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A Few Words With Professor Sevcik.

sevcik.jpgA few years ago the name of Sevcik (pronounced Shave-chek) was known only to a few of his pupils. To-day he is one of the most-talked-of persons in the violin world, and holds a similar position to that of Marchesi in vocal art and of Leschetizky in pianoforte playing. And why? Because a few years ago the young Bohemian violinist, Jan Kubelik, made his first appearance in England, and was proclaimed by the press as having the most perfect technic of any living violinist. Opinions as to technic naturally differ considerably; still, nearly all those who have heard Kubelik agree that for a flawless, perfectly-in-tune technic and a tone free from the slightest scratch, he is unequaled. Godowsky refers to Kubelik’s technic as being similar to, and of having the certainty of, the most perfect pianoforte technic.

“But one swallow does not make a summer,” and it was not until the appearance of several other young violinists from Sevcik’s hands, foremost among which being Kocian and Marie Hall, that Sevcik became really the great maestro. And now, instead of paying only a few kronen for a lesson, it has become an honor to receive lessons from him.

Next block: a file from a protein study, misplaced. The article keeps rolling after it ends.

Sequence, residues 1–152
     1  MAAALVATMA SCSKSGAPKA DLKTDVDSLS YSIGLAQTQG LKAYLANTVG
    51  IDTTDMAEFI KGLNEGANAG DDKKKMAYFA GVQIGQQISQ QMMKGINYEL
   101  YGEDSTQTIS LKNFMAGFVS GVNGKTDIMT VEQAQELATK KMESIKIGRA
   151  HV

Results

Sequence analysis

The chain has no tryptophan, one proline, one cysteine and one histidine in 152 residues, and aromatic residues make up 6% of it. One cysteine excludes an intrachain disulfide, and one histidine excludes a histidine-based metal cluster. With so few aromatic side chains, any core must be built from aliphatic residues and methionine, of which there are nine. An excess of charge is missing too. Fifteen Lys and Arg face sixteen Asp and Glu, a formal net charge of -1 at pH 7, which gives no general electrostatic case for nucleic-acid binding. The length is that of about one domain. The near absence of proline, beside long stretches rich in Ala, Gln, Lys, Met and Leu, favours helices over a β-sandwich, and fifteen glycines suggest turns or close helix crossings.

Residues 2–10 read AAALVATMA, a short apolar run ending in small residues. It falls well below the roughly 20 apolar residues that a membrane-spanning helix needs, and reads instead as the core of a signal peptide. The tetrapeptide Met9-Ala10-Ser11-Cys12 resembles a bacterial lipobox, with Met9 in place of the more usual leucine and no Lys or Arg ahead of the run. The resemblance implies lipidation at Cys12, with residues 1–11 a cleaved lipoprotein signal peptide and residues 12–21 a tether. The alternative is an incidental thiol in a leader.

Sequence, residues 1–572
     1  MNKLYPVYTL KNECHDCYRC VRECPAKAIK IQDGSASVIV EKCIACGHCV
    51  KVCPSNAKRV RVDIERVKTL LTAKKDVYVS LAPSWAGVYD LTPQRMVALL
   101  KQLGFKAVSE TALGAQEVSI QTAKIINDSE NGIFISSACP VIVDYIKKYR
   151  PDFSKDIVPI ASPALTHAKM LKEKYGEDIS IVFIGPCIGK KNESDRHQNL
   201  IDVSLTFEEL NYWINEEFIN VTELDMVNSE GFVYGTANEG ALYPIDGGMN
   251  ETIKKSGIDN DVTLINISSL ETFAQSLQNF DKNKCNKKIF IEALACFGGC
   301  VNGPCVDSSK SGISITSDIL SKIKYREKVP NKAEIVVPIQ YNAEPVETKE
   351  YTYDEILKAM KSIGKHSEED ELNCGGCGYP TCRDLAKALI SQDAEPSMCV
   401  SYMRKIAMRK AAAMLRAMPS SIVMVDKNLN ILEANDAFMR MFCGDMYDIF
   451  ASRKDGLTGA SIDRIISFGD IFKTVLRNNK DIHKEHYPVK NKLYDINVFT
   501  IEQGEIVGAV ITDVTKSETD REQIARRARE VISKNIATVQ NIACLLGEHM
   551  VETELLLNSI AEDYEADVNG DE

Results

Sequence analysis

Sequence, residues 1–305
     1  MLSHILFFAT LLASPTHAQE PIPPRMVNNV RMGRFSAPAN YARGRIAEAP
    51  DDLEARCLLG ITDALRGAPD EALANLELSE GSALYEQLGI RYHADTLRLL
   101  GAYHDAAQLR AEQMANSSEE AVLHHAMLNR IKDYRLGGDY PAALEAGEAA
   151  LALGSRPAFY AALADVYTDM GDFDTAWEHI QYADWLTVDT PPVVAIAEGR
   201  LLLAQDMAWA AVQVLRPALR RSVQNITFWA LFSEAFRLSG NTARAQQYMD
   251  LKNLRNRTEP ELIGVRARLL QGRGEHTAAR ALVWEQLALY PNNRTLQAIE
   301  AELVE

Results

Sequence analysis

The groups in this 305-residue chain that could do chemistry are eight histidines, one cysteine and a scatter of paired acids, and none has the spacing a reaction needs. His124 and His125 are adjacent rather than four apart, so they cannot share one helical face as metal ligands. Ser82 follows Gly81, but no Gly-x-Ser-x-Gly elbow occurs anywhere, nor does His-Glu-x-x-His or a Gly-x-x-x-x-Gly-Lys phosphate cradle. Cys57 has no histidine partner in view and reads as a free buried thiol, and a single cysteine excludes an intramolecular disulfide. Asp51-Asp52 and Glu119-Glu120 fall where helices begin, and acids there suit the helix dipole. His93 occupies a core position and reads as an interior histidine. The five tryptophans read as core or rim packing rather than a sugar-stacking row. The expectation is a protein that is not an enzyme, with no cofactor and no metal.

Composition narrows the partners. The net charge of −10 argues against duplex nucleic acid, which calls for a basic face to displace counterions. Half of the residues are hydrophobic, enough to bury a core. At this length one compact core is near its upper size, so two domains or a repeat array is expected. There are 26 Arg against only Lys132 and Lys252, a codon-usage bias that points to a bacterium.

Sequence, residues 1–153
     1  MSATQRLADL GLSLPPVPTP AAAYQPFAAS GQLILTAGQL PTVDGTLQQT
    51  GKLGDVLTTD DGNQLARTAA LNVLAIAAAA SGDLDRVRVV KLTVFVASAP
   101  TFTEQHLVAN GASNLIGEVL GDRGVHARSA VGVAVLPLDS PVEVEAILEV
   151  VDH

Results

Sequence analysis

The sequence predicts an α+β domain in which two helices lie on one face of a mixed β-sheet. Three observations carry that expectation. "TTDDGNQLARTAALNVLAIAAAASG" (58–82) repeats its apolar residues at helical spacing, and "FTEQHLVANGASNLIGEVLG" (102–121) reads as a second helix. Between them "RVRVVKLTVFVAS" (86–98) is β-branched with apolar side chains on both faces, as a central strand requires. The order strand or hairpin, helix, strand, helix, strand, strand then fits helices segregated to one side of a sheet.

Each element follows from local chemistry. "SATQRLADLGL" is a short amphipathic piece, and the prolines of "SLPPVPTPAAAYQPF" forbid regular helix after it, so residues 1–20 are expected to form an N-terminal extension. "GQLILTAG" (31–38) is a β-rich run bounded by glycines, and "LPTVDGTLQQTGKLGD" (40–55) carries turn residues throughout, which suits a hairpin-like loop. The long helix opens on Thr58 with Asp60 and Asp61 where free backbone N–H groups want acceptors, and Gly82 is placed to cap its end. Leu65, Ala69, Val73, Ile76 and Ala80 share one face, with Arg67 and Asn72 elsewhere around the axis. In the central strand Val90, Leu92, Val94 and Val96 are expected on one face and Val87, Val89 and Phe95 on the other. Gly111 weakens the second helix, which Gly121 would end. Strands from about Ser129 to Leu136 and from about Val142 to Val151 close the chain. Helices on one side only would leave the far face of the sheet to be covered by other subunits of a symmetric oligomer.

Born in Bohemia of Bohemian parents in 1852, Sevcik started in life with the idea of becoming an eminent soloist, and after finishing the  Conservatorium course under Bennewitz had already gained considerable fame as a Paganini player. By the way, Paganini is still a great favorite of his, and fills a warm corner in his heart, and it is due to Sevcik that a great deal of his music has been revived and is still played. In his music room to-day is to be seen on the wall among those of his favorite pupils, a large portrait of Paganini, and under it one of Paganini’s original programs, “which he naturally prizes greatly and which today is of great historic interest.